O strange and fascinating bunker. If it seems absurd, it also feels secure. Nothing can get to it. Even daylight is prohibited. It's a fortress. It's got a generator, cupboards stocked with long-life food, and 100,000 litres of water. It's the ultimate fall-out shelter on New Zealand soil, and a reminder that Civil Defence was created in 1959 as a response to nuclear threat. A government white paper at the time noted, "The safeguarding of the civilian population against the nuclear threat must, for the first time, become an essential part of national defence plans…Radioactivity knows neither frontiers nor distance." Martin Rawlinson's 1971 MA thesis was on the development of civil defence; he stated unequivocally, "The nuclear threat was its primary concern."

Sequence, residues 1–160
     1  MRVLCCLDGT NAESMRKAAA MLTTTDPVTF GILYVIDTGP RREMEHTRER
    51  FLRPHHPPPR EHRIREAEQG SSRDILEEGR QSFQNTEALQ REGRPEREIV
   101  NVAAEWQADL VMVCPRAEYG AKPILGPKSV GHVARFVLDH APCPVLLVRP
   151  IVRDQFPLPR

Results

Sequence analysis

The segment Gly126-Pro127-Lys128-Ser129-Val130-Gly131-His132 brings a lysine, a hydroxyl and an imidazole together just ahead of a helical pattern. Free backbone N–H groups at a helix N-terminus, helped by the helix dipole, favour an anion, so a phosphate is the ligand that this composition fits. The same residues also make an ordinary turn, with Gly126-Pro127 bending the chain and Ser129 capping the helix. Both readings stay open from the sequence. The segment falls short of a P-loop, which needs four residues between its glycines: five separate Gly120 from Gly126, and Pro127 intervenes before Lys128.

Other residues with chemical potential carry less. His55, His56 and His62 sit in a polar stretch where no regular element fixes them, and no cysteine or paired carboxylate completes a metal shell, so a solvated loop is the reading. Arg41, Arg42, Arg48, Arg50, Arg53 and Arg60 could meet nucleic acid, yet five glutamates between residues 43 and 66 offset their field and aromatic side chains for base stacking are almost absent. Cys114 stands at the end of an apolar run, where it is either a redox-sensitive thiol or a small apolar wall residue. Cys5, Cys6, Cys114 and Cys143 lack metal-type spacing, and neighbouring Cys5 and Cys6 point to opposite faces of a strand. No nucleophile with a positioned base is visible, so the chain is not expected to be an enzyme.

But to think of the bunker as any kind of fall-out shelter is to see a mirage. To think of Civil Defence as offering any kind of specific response to the nuclear threat is even more illusory. The very strangest thing about this weird space beneath the Earth is that it's all dressed up for the challenges and nightmares of Doomsday, but is resistant to even talking about the possibility and consequences of an attack. Whatever happened to "the safeguarding of the civilian population against the nuclear threat"?